Residents living in and around Windsor can expect to see frequent closures of the emergency department at the Hants Community Hospital over the next two months.
Dr. Cathryn Smith, chief of staff at the Hants Community Hospital, said there are 27 shifts for which no emergency department doctor is available and that will mean closing on certain days and evenings through July and August.
Already, the emergency department is experiencing closures. It was closed on Wednesday night after a doctor reportedly tested positive for COVID-19, and it will be closed overnight tonight.
At a briefing for the community held over Zoom last night, officials with the hospital and Nova Scotia Health said priority will be given to staffing the emergency department through the day. On average, the emergency department in Windsor sees about 30 patients a day and 10 patients during the night shifts. As of this week, in a desperate plea to remain open, the hospital is offering doctors bonuses of $300 per shift during the summer months and may occasionally hire physicians without specialized emergency training to cover shifts.
Dr. Sam Campbell, who heads the emergency department at Hants Community Hospital, said he is not optimistic this will attract many takers.
“People are not working for the money anymore,” said Dr. Campbell. “They’re tired. They want time off.”
Campbell described the following situation for the people on the Zoom call of mostly medical staff, and a few citizens.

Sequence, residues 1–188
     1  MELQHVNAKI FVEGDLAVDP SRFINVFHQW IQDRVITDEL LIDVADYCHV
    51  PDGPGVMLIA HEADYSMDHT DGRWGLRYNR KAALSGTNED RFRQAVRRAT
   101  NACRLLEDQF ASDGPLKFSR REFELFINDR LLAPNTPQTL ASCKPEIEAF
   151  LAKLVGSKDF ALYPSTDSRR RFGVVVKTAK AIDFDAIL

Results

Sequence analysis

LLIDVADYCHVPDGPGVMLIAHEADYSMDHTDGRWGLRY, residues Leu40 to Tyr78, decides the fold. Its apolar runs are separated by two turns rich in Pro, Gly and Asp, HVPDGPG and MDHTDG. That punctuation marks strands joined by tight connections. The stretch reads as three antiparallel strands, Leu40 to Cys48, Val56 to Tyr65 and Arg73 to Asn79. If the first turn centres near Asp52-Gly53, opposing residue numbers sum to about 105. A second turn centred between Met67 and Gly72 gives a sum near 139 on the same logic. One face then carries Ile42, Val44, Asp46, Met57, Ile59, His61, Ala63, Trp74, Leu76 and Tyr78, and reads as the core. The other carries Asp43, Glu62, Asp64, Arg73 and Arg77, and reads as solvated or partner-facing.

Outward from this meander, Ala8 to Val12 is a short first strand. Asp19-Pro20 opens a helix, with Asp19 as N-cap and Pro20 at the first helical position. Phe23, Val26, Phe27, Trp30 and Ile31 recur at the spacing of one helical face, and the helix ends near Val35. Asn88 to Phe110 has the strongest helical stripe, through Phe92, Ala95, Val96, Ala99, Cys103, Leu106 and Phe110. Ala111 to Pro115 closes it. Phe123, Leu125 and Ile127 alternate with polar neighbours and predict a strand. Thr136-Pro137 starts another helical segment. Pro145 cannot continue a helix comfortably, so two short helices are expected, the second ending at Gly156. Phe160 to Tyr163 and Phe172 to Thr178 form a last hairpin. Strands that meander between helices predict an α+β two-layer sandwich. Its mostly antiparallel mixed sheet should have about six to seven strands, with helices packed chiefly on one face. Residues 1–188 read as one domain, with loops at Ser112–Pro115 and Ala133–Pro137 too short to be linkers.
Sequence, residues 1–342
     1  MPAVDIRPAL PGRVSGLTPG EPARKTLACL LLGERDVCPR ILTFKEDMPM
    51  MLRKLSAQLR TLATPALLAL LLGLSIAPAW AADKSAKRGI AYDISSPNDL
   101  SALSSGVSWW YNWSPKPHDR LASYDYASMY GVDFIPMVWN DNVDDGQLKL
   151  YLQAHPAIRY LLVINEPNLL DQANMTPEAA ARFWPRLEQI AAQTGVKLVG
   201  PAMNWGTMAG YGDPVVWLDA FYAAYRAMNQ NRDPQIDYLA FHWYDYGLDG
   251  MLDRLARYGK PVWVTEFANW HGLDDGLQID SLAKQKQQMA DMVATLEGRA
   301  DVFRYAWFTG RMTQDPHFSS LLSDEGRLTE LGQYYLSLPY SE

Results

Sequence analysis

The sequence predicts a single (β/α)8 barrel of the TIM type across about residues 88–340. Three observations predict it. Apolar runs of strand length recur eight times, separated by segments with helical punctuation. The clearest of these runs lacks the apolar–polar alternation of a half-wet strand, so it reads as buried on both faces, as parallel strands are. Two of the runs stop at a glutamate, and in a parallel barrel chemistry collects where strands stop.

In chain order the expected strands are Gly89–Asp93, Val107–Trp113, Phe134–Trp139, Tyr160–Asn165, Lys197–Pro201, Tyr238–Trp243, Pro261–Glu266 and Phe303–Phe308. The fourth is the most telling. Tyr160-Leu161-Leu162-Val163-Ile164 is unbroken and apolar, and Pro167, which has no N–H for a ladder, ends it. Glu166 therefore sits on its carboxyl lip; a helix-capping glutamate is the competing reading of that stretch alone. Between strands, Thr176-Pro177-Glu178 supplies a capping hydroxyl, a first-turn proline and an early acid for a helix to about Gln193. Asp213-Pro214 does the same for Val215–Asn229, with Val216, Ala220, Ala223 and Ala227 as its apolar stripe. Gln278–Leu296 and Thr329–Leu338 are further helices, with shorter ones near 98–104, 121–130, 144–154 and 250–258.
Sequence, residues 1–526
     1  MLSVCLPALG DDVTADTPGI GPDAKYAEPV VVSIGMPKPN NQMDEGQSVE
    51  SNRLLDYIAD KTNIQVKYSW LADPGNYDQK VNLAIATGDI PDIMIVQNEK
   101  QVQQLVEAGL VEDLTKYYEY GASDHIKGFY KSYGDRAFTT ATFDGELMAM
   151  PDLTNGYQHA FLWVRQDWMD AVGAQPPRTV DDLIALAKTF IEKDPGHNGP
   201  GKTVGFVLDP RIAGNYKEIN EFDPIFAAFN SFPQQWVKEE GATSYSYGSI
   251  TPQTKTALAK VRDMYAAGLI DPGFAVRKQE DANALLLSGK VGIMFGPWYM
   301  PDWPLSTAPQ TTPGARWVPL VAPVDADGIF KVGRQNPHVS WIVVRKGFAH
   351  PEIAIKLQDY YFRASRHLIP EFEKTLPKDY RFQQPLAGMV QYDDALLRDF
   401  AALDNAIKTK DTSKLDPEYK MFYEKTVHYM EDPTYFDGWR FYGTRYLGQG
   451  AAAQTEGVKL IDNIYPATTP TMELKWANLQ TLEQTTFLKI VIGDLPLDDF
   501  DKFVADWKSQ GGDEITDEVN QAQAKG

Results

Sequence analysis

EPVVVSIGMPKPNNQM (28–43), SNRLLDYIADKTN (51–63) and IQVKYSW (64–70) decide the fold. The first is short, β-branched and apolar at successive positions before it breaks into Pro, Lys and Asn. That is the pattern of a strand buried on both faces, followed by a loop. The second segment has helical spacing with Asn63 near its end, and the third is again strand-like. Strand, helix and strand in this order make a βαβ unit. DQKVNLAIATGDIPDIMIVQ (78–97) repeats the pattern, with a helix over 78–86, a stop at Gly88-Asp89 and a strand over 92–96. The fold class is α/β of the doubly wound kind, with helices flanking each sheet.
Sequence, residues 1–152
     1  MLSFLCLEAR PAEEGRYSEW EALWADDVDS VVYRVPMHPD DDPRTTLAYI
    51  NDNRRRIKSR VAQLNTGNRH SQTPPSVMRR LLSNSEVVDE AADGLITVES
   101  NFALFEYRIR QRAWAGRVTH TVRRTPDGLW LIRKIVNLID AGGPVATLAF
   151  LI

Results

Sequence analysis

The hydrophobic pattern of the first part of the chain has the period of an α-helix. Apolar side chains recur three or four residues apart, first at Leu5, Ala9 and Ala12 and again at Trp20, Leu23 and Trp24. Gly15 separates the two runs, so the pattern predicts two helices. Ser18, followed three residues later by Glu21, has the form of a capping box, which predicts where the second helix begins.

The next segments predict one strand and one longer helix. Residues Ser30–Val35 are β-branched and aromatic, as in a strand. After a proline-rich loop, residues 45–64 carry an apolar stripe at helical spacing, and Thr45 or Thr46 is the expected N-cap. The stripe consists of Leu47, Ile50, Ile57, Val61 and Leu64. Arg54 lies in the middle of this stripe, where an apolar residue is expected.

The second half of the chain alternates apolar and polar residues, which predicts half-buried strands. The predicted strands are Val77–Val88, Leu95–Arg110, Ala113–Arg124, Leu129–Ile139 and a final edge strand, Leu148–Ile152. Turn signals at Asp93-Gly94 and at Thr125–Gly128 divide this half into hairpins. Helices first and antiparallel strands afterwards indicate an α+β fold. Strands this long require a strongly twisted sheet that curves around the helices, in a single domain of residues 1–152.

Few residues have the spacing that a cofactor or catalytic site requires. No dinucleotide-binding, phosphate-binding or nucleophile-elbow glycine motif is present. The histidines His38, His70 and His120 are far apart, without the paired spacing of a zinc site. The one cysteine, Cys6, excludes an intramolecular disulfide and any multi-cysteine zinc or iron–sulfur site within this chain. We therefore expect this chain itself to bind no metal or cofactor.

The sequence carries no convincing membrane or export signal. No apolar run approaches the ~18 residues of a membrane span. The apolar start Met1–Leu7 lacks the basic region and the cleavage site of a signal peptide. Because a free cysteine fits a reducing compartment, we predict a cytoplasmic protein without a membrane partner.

“We have a patient who showed up and is waiting to go to Halifax. EHS (Emergency Health Services) is busy answering 911 calls and is unable to tell us when they can come to do the transfer,” said Campbell. “This is what is giving us sleepless nights.”
Dr. Kirk Magee also attended the virtual meeting to discuss the situation in Windsor. Magee is the chief of emergency medicine for Nova Scotia Health’s Central Zone, which includes Halifax, Dartmouth, Windsor, and Cobequid Community Health Centre in Lower Sackville. Magee says borrowing physicians from nearby hospitals in Sackville or Kentville is not likely to work because most of those hospitals are also short-staffed. The Halifax Infirmary emergency department is currently advertising to fill more shifts this summer than ever before, he said.
“The reality is that in Canada we are short 1,500 emergency department physicians and most of our colleagues have worked throughout the pandemic without breaks,” Magee said.
Suzanne Milburn, a resident of the area, asked how citizens living in and around Windsor will know whether the emergency department is open or closed during the summer. Hospital officials promised to erect a sign by the side of the road to indicate if the emergency department is closed. They also advised citizens to check the temporary closures list on the Nova Scotia Health website.
Smith said anyone unsure whether the emergency is open should call 911. One of the citizens listening online suggested that with a high proportion of seniors living in the area, radio advertising should be used to inform the public, in addition to using social media to get the message out.
The situation in Windsor is another symptom of a health care system under strain. For nearly two years, people living on the Eastern Shore have coped with weekly closures of emergency departments at Twin Oaks Hospital in Musquodoboit Harbour and Eastern Shore Memorial at Sheet Harbour.